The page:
Dr. Eli Joseph “The Perfect Rejection Resume”
Dr. Eli Joseph’s new book is titled The Perfect Rejection Resume: A Reader’s Guide to Building a Career Through Failure. Asits christening would suggest, it is a detailed set of initiatives, psychological components, and practical methodologies to apply in the face of the real world. I stress the latter term, real world, because many books falling within the nonfiction subcategory Joseph deals with have a certain amount of faux certainty.
Many authors in leadership and business advice have certain removal from an actual reader, therefore an actual individual’s odyssey towards their goals based on initiatives they propose. Joseph smooths the potential bumps in the road by bucking said ‘certainty’ these authors promote. There isn’t certainty, as far as Dr. Joseph is concerned, when it comes to chasing one’s professional dreams. Replacing certainty is a matter of probability. “Always remember, you are the driver of your dreams,” he states. “It is up to you to determine if they are yours and if you’re qualified to pursue them. It is not an uncommon story for someone to become a doctor because their parents wanted them to be one, all while secretly wishing they were doing something different. This type of person may appear to be living a dream from the outside but if you were to ask them, they would admit they were living someone else’s dream. Your dream job is meant for your fulfillment, not someone else’s.”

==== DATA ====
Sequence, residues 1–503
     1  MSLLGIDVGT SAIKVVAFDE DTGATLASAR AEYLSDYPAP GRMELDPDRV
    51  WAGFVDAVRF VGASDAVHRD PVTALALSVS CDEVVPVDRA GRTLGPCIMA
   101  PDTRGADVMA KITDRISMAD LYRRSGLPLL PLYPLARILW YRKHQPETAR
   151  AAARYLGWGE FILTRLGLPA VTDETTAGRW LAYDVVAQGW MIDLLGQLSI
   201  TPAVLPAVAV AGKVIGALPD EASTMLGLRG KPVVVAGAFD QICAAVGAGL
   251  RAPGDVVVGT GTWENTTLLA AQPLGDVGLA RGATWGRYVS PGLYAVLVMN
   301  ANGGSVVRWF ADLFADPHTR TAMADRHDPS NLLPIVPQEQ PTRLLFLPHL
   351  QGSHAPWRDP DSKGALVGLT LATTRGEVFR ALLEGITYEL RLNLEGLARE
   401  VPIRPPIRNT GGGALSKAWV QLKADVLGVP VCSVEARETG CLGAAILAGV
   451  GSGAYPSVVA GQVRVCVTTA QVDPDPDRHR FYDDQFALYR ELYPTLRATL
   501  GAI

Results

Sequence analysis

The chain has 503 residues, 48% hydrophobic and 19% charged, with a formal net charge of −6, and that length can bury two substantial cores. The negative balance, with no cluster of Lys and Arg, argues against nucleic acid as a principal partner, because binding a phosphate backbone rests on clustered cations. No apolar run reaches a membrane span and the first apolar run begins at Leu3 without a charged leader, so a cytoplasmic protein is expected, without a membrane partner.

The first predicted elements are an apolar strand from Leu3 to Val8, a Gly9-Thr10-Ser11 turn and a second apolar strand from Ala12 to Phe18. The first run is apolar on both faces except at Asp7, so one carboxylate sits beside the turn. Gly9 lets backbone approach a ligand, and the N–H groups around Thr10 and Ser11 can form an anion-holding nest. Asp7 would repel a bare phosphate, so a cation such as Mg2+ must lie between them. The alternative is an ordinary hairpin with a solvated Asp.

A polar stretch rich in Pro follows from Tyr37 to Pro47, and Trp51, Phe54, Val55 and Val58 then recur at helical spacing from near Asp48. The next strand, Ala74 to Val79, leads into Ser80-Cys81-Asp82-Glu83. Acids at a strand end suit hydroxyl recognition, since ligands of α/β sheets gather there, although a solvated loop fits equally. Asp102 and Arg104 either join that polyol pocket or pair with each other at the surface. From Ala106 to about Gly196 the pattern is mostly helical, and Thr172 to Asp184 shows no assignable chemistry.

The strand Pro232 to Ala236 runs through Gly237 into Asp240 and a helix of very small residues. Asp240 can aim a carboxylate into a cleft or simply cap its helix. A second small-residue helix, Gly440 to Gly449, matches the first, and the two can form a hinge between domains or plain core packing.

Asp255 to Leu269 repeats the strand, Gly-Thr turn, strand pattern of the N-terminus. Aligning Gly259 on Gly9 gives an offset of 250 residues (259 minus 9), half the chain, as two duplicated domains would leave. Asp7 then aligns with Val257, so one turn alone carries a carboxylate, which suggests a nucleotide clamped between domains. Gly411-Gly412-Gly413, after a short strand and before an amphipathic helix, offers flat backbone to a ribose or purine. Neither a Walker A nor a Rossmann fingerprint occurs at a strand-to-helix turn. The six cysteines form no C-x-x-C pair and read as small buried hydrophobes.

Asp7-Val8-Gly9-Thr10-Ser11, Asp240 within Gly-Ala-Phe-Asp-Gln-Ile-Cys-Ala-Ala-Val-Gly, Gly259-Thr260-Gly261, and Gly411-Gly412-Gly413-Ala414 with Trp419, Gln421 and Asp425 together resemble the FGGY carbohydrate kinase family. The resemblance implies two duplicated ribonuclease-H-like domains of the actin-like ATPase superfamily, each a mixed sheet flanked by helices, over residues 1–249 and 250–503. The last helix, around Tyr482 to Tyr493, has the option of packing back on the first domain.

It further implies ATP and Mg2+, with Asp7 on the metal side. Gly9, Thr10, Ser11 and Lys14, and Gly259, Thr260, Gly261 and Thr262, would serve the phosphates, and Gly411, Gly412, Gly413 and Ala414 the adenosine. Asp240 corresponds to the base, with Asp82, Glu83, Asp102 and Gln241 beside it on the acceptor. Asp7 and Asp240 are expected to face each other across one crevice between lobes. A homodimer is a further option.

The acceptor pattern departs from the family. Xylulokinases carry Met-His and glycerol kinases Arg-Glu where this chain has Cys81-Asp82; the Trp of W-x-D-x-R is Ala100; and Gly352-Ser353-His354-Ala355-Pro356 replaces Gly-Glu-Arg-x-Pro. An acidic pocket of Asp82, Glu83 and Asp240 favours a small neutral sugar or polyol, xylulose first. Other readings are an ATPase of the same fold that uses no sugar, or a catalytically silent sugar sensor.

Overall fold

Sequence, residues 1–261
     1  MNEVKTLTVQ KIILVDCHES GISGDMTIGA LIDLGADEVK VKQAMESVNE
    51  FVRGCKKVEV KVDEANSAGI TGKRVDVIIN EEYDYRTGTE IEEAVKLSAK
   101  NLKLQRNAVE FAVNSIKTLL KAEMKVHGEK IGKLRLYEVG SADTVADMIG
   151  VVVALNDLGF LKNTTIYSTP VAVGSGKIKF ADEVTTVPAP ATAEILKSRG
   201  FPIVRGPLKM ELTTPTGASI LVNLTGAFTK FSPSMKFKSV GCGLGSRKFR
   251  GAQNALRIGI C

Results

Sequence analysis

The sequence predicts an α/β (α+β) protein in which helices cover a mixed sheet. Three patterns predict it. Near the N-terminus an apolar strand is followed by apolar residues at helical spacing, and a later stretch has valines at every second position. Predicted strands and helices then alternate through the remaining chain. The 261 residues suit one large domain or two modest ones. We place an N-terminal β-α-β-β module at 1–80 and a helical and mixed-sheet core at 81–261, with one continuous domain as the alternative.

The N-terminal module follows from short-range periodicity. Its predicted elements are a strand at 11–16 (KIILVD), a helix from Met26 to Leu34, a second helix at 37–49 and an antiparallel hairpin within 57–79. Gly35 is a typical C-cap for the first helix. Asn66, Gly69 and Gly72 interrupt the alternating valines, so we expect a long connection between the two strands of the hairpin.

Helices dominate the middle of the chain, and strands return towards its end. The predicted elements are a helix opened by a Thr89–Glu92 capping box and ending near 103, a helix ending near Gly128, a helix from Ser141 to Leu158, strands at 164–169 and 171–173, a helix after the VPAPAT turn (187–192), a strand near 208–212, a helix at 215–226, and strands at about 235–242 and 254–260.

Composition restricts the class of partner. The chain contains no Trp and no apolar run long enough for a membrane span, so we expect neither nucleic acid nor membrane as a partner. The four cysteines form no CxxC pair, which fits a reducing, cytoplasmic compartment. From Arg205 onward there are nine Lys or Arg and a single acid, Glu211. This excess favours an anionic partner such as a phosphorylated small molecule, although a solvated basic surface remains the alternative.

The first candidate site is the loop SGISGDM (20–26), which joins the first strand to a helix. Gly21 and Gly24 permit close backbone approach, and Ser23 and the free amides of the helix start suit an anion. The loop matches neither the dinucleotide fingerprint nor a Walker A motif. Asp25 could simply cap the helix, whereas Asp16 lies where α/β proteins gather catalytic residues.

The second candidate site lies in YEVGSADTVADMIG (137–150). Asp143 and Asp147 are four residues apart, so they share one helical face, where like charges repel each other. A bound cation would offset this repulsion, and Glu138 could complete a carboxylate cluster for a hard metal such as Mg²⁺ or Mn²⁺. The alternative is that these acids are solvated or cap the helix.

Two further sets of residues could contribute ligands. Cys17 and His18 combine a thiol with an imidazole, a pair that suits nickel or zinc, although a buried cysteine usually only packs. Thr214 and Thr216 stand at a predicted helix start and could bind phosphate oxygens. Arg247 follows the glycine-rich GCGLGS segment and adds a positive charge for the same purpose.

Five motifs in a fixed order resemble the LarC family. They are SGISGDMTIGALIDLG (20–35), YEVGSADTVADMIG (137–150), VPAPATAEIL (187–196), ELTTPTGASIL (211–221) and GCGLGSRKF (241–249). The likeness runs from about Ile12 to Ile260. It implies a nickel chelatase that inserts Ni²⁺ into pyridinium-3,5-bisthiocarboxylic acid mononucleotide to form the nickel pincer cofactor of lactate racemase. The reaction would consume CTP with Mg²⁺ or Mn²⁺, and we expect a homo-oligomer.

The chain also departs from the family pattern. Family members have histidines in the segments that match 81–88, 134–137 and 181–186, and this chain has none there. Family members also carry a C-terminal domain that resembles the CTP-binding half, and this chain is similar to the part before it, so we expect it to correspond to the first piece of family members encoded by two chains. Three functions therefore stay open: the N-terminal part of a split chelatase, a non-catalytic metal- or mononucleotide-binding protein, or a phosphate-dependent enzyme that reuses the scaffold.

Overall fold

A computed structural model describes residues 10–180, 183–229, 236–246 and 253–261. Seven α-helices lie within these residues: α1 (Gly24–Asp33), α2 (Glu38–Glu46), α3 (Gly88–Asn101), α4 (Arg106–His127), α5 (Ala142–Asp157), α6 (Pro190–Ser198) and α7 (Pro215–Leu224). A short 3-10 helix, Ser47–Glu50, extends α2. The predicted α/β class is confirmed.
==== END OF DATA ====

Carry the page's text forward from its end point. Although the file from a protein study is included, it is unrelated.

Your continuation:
ABOUT THE AUTHOR: https://www.drelijoseph.com/
Probability continues to be a theme running rampant through Perfect Rejection Resume’s pages. The book is almost something of an extensive, analytical guide to coping with the realistic aspects of one’s life, juxtaposed with the planned realization of one’s dreams. Joseph respects his readers enough to say that while destination viscerally may remain vital, it is ultimately the process, not the actualization, that proves the most critical stage. While realization of one’s dreams may not be able to materialize entirely as anticipated, the opportunities arising from shifts in plan, lessons learned, falling and getting back up, and utilizing Plan B are limitless. “The active pursuit of goals is what makes life interesting…
However, at times you can get tripped up into thinking that what seems like a dream job is, in fact, your dream job. The hiccups come in from the influence others have over our thinking,” Joseph writes. “For example, if you hear someone else talking about their work and how much they enjoy what they do it can spark interest from you. Before you know it, you have latched onto this job as your dream job. It might be a perfectly wonderful job even, yet that does not make it the right one for you…Don’t hurt yourself by living in the hopes of a dream and forgetting all about the activity it takes to achieve what you desire.
People who believe in perfection live in the dream world until it adapts to them (which is never unless you are very lucky). Those people who take action work toward becoming their personal best and always see ways to learn and grow. They laugh at the thought of ever being perfect because they realize that type of thinking is a waste of time.”